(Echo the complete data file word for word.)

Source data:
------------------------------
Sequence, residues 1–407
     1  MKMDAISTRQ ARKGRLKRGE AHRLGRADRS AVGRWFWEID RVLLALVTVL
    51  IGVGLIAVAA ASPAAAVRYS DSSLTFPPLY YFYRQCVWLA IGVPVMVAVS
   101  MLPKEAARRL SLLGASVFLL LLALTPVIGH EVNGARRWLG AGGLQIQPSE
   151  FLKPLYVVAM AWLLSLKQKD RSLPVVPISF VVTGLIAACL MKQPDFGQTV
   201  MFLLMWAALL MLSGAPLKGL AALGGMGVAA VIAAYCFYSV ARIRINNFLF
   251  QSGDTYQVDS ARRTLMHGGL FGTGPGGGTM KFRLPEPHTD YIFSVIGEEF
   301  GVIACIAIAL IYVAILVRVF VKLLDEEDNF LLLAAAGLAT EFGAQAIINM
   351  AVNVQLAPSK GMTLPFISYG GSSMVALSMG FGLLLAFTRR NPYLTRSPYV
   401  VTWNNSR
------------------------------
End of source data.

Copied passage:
Sequence, residues 1–407
     1  MKMDAISTRQ ARKGRLKRGE AHRLGRADRS AVGRWFWEID RVLLALVTVL
    51  IGVGLIAVAA ASPAAAVRYS DSSLTFPPLY YFYRQCVWLA IGVPVMVAVS
   101  MLPKEAARRL SLLGASVFLL LLALTPVIGH EVNGARRWLG AGGLQIQPSE
   151  FLKPLYVVAM AWLLSLKQKD RSLPVVPISF VVTGLIAACL MKQPDFGQTV
   201  MFLLMWAALL MLSGAPLKGL AALGGMGVAA VIAAYCFYSV ARIRINNFLF
   251  QSGDTYQVDS ARRTLMHGGL FGTGPGGGTM KFRLPEPHTD YIFSVIGEEF
   301  GVIACIAIAL IYVAILVRVF VKLLDEEDNF LLLAAAGLAT EFGAQAIINM
   351  AVNVQLAPSK GMTLPFISYG GSSMVALSMG FGLLLAFTRR NPYLTRSPYV
   401  VTWNNSR